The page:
Debug.Print("{0}: {1}, {2} LastUpdated: {3}", _
                dr("CustomerId"), _
                dr("LastName"), _
                dr("FirstName"), _


By default, this technique only works with .txt, .csv, .tab, and .asc file extensions. If your file name has a different extension, you can either change the extension in your code before reading the file, or you can update the Extensions key in following registry setting:



By default, this technique assumes you are working with ANSI text files. If that is not the case, you can update the CharacterSet key in the same registry setting:


Though this is not recommended.


If you test this sample code by creating a text file with Visual Studio, the resulting text file will be in UTF-8 format. You need to save the file into ANSI format. The easiest way I found to do this is detailed below.

Adding a Text File to your Project:

  1. Right-click on your project in Visual Studio.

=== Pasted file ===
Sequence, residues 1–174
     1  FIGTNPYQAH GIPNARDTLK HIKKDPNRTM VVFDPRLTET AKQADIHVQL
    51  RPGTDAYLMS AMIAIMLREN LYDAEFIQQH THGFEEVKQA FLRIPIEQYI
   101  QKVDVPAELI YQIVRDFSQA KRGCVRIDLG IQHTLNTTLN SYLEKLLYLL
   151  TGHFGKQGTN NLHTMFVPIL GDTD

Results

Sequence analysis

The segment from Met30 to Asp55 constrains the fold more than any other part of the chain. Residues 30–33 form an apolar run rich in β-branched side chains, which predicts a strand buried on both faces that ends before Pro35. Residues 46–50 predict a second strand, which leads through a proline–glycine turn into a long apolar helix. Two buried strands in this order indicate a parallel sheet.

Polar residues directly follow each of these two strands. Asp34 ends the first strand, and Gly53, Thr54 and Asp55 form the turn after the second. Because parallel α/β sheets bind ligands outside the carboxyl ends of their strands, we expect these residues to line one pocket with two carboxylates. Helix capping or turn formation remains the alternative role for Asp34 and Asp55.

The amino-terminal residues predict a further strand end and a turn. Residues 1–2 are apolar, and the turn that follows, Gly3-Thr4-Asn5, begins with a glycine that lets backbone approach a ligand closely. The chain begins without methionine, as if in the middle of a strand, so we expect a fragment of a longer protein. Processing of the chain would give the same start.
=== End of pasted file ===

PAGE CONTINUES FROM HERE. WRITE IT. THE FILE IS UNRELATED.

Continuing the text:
2. Select Add | New Item from the context menu.
  3. Pick Text File from the available templates and click Add.
  4. Type in the data for the test file or paste in the text from the example at the top of this post.
  5. Save the file within Visual Studio. This creates a UTF-8 formatted file.
  6. If you plan to use the directory of the executing application, set the Copy to Output Directory to Copy always in the properties window for the file.

Converting the resulting UTF-8 file to ANSI format:

  1. Right-click on the file and select Open With
  2. Select Notepad.
  3. Select File | Save As.
  4. Set the Encoding to ANSI and click Save.



  1.   Reed Copsey — August 25, 2009 @ 2:58 pm    Reply

    This seems like more work than using TextFieldParser directly. You’re giving up a lot of error checking, and adding extra overhead loading the odbc + drivers. Why not just use ?

  2.   DeborahK — August 25, 2009 @ 4:07 pm    Reply

    Hi Reed –

    Thank you for visiting my blog and thanks for the link!

    There are benefits of reading the data into a DataTable, such as the ability to then bind to controls such as a DataGridView.

    Using the technique you suggested is another choice if the application just needs to process the file line by line.

    Thanks again!

  3.   DeborahK — August 25, 2009 @ 5:13 pm    Reply

    Hi Reed –

    I just added posts for using TextFieldParser to access a comma delimited value (CSV) file and a fixed length file. Thanks for the suggestion!